Fiona Watson is a writer, historian and broadcaster living on the edge of the Scottish mountains rather too near the site of the battle of Bannockburn. Her most recent book was Macbeth. A True Story and she presents Scottish stories for Radio 4’s Making History. She was heavily involved in preparations for Bannockburn’s 700th anniversary and has written a graphic novel for the National Trust for Scotland about the battle. She is also writing a more traditional novel which has nothing whatsoever to do with Bannockburn set in the 1720s in the Highlands and the American colonies.

Pocket GIANTS: Robert The Bruce (published by The History Press, August 2014) To find out more click here. To find out more click here.



What makes Robert The Bruce different from any other land-hungry, sword-swinging, peasant-oppressing medieval ruler?

Well, you could say that he was your typical power-hungry, sword-swinging nobleman eager to make the most of a rather flimsy claim to the Scottish throne. The difference would be that he proved, somewhat unexpectedly given his rather mediocre record up until 1306, exceptionally good at being a king fighting for the freedom of his kingdom.

How did you go about setting the life in the times?

Well, I have been studying the Anglo-Scottish wars in general for far more years than I would like to admit, especially the period when Edward I was alive. It made sense to then go that bit further and look at the hero king, whom I knew pretty well while he was still Earl of Carrick. But, as with any great figure (especially one with such a dodgy start to his royal career), you have to be very careful not to just accept the hype that was written about him by his own propagandists and in the 700 years since. As with current politics, there is a lot more disagreement in reality than those trying to stage-manage things would like us to believe.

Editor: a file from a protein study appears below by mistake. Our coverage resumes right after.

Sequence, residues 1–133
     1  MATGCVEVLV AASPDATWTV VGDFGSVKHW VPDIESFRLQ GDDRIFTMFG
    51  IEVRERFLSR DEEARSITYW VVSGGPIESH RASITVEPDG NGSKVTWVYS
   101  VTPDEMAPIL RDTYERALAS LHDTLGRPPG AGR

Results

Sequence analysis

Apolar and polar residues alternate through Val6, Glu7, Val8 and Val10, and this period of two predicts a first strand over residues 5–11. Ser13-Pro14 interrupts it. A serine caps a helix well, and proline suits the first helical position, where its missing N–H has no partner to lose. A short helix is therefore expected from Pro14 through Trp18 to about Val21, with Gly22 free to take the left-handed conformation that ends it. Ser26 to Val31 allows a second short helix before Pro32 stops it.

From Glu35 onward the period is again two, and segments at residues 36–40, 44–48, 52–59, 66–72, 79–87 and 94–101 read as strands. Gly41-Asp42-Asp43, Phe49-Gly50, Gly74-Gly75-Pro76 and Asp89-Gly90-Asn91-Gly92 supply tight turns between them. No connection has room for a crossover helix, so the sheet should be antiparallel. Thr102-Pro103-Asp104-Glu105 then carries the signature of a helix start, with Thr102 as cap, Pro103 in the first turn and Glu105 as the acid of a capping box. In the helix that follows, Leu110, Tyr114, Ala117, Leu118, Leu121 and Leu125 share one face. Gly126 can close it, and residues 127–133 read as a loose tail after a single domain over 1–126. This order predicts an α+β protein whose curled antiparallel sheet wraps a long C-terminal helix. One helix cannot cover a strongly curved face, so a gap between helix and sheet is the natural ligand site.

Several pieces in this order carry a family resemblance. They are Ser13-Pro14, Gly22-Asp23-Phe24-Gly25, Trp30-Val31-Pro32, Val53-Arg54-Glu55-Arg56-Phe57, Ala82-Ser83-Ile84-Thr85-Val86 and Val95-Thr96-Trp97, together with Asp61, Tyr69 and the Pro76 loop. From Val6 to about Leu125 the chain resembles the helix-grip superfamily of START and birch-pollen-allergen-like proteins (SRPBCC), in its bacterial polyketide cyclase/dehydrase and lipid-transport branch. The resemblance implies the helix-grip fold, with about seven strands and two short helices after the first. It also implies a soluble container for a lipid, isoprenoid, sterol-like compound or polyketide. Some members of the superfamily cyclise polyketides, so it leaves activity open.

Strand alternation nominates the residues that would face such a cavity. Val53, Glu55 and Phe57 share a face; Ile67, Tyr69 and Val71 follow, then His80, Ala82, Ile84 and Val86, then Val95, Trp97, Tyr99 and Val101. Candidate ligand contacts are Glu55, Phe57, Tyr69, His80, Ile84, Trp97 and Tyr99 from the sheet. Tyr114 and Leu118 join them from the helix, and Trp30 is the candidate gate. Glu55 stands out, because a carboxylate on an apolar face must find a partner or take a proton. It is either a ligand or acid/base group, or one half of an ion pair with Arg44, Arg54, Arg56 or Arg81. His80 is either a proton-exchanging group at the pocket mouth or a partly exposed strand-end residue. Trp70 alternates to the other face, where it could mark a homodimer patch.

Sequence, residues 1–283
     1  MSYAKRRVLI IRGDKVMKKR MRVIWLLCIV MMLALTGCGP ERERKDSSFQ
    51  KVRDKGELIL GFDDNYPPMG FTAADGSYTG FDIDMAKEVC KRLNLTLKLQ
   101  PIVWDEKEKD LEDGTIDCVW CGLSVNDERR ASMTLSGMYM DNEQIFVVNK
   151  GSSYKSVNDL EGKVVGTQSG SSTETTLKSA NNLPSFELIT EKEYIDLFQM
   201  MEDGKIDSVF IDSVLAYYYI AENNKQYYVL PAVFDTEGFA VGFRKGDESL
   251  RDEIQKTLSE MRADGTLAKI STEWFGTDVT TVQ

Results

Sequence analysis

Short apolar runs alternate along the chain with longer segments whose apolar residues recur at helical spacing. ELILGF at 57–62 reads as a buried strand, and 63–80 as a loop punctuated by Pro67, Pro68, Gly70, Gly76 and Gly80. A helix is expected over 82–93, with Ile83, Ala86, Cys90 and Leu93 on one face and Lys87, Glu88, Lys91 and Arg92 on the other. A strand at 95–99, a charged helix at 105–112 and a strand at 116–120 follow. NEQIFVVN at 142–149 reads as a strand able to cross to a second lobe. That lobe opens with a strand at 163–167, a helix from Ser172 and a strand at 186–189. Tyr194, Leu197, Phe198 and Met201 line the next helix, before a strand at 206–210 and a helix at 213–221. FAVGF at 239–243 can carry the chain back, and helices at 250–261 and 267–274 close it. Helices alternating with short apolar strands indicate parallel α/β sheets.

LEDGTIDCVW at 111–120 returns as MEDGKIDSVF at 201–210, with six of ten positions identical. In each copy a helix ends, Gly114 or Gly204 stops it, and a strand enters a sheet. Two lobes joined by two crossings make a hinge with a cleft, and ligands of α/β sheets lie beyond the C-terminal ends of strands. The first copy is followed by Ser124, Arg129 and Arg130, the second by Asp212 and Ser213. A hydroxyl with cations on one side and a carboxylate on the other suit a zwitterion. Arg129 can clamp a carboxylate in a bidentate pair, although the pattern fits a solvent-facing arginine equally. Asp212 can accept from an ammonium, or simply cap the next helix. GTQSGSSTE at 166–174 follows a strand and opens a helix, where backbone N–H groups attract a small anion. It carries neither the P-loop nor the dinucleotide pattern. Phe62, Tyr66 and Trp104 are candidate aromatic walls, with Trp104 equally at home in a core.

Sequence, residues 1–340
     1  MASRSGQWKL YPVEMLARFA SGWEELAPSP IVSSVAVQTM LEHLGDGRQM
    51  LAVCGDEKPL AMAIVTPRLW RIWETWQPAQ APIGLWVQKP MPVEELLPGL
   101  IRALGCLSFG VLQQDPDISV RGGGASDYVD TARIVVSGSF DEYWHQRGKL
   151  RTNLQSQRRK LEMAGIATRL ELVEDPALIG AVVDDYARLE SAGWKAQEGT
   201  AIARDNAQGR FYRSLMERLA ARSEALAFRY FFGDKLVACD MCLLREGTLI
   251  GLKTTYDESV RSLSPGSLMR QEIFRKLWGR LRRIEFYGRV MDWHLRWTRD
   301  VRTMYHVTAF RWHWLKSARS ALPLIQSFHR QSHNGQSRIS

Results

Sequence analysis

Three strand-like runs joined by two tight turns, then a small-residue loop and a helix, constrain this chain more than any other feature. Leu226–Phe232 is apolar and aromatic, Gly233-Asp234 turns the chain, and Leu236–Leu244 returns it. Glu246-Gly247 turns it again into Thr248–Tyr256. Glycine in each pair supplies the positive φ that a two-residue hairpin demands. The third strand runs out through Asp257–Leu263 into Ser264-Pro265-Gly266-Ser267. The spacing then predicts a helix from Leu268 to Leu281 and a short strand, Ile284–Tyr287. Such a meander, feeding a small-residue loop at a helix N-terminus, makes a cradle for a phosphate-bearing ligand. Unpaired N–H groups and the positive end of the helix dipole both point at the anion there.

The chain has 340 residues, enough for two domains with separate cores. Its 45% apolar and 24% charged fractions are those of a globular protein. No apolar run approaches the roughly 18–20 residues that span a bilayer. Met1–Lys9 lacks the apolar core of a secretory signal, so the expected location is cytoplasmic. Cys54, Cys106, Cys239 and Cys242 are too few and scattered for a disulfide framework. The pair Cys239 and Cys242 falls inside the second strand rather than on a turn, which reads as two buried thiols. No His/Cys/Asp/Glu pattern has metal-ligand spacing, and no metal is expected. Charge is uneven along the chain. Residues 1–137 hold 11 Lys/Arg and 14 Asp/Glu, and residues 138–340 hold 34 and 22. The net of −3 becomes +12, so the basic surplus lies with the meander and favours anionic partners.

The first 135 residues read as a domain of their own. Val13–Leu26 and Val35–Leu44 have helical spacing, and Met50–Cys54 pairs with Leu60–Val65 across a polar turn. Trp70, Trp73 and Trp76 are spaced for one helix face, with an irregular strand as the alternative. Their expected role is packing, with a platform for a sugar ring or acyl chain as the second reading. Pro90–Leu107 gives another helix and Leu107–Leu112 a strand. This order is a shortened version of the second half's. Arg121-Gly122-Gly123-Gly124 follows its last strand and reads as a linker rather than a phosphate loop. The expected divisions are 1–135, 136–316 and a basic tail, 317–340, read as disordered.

What is the best little known fact about Bruce?

ooooh, tricky, since we don’t have so very much personal stuff to go on. But I like the fact that, four years before he died, he gave his great friend, James Douglas, a charter with exceptional rights over his lands, accompanied by the gift, presented personally by the king, of an emerald. Sadly, the Douglases have managed to lose it (along with most of their lands). The Good Sir James had his own room in Bruce’s newly-built mansion at Cardross near Dumbarton and was with him pretty constantly before he died.

Which actor would you cast to play Bruce?

Yes, well, it’s about time there was a film about him, isn’t it? A bit late for Sir Sean. I would have had Peter O’Toole, who was just wonderful as Henry II in The Lion in Winter. And it’s a pity that Michael Fassbinder has got to Macbeth first. It has to be someone capable of complexity. I suppose Daniel Craig might be looking for a new job soon…

Who were the women in Bruce’s life, what impact did they have?